by: J. D. Heyes
(NaturalNews) The only worse thing about an increasing number of police departments collecting DNA evidence from suspects they arrest – before they've ever been actually convicted of any crimes – is that courts are continuing to back this egregious violation of civil liberties. So it was only a matter of time before the practice was expanded, so to speak, to cover all suspects, including children.
Policy could affect 1 million people every year
The request appears to stem from a Department of Justice regulation requiring all federal agencies to collect DNA samples from all suspects arrested for federal crimes, including "from non-United States persons who are detained under the authority of the United States," even if they haven't been involved in any criminal activity.
The law supposedly exempts some classes of "aliens," but according to reports, it appears DHS is prepared to begin taking samples from anyone the department arrests. And right now, that's anyone 14 and older, though some records indicate ICE could lower the age further.
According to DHS estimates, as many as 1 million people subject to arrest or administrative detention annually may now be subject to DNA collection. The thing is, many of these people have not committed any crime. And the trend, thanks to the courts, is towards more DNA collection on anyone who comes into contact with the justice system, regardless of whether they are eventually found innocent or not.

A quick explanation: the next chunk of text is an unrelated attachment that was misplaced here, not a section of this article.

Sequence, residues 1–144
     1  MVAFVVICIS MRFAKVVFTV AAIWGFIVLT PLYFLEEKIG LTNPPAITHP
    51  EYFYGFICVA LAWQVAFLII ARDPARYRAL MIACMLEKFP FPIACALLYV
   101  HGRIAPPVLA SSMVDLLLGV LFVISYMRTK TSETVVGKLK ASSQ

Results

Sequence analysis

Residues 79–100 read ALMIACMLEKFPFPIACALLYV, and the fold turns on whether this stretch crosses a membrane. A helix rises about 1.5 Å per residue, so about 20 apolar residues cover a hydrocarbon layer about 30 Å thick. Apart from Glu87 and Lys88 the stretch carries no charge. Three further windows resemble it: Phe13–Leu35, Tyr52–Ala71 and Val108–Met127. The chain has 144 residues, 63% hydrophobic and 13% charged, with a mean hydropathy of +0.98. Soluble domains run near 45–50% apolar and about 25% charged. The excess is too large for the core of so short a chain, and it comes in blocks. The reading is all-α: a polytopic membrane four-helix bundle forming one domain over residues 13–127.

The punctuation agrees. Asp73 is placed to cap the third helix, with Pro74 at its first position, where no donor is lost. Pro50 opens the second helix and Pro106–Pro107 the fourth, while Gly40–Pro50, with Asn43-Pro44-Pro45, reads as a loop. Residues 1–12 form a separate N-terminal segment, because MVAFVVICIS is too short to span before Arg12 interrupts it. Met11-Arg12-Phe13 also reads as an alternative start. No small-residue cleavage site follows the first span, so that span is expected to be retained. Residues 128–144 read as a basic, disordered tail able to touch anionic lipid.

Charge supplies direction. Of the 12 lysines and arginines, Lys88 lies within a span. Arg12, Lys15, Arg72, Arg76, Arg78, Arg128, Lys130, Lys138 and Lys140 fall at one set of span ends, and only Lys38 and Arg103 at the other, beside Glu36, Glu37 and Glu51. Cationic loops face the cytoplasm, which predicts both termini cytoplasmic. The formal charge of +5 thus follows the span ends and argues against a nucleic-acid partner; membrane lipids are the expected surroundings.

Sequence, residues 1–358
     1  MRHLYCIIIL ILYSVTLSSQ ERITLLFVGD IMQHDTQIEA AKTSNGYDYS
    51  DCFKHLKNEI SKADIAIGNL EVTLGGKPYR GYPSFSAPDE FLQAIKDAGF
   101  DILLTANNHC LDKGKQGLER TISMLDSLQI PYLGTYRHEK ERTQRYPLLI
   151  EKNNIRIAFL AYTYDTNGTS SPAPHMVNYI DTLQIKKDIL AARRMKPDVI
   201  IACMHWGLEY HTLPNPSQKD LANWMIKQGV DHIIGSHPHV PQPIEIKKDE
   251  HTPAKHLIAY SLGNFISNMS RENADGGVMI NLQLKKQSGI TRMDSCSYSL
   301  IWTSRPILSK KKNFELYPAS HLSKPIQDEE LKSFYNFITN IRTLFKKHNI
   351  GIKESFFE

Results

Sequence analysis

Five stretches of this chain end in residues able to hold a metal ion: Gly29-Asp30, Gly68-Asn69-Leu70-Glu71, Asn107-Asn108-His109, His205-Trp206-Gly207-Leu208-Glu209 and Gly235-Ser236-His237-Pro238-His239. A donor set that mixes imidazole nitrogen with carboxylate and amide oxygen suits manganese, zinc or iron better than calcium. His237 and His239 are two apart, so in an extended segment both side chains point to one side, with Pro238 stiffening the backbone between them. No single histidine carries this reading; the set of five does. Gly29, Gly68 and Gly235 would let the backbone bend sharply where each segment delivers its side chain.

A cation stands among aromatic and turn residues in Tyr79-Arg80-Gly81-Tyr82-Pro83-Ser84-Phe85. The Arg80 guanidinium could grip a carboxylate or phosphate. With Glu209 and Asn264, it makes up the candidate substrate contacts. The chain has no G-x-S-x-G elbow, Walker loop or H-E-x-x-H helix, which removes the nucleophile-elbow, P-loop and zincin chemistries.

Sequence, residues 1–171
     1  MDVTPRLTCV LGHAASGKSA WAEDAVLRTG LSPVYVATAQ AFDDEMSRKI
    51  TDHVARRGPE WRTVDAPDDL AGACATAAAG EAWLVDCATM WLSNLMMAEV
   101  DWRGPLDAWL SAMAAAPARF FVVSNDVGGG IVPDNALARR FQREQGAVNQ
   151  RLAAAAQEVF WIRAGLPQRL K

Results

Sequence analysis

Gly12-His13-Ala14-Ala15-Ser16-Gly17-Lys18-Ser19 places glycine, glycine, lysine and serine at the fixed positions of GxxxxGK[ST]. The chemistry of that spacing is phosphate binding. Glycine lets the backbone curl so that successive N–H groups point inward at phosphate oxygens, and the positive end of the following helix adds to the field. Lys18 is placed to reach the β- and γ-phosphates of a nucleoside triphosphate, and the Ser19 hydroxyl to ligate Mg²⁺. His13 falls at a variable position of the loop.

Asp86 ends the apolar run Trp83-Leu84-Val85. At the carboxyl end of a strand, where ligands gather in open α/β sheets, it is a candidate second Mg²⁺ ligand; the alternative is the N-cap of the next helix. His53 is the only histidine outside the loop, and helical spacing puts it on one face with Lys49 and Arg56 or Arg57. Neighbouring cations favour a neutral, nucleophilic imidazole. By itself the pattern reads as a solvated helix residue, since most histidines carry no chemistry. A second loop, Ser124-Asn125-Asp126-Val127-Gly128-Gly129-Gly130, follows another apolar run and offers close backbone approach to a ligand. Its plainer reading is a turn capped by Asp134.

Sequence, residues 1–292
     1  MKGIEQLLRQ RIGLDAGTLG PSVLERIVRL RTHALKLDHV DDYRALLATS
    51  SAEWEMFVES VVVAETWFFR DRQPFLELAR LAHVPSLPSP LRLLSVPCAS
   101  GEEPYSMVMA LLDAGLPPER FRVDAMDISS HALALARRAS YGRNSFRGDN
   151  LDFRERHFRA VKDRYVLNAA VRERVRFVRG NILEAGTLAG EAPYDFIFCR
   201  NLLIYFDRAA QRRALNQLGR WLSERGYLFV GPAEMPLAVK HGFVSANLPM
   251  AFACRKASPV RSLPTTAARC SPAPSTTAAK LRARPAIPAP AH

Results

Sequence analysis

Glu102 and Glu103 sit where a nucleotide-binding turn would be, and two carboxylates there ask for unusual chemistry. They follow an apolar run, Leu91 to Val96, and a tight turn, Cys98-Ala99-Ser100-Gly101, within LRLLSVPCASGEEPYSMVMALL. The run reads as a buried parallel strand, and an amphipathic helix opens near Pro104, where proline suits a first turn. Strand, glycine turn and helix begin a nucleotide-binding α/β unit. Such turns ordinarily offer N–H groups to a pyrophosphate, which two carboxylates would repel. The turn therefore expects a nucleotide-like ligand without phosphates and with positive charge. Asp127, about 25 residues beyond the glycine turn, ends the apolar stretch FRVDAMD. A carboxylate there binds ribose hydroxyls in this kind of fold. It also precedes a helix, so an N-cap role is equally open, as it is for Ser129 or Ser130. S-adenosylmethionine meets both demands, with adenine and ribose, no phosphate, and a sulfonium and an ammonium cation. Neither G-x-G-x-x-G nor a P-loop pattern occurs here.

ICE is the first agency within the purview of DHS to collect DNA under the Justice Department's new guidelines. The policy is the result of pilot programs run out of ICE Homeland Security Investigations (HSI) offices in San Diego, St. Paul, and San Juan, Puerto Rico, which began around July 2010. After the pilot program, the rest of the department's HSI offices – some 200 of them across the country – will begin collecting the samples, and the perception is all other DHS agencies will start in short order.
Not everyone is on board
Some state courts are resisting the federal trend – or are trying to. Earlier this month, Maryland's Supreme Court backed a lower court's ruling that blocks police from collecting DNA samples upon arrest.
But in a slap at the civil rights of Maryland residents, state Attorney General Douglas F. Gansler is planning to appeal the case to the U.S. Supreme Court. In doing so, he's trying to justify this sham by saying, in essence, that police should have the right to screen everyone who is arrested as guilty of committing some other crime as well.
"All this ruling does is allow people to get away with very, very serious crimes," Gansler told The Baltimore Sun newspaper. "The reasoning by the Court of Appeals doesn't make a whole lot of sense to most people."
Only those who understand the Constitution, Mr. Gansler.
Stephen Mercer, chief attorney for the state office of the public defender's forensics division, gets it. In supporting the state court's decision to reject the procedure as unconstitutional, he says allowing police to collect DNA samples on all suspects is tantamount to putting them under "lifelong genetic surveillance."
That there is some sanity left in Maryland's legal community should make its residents feel a bit more secure "in their papers and effects." At least for now.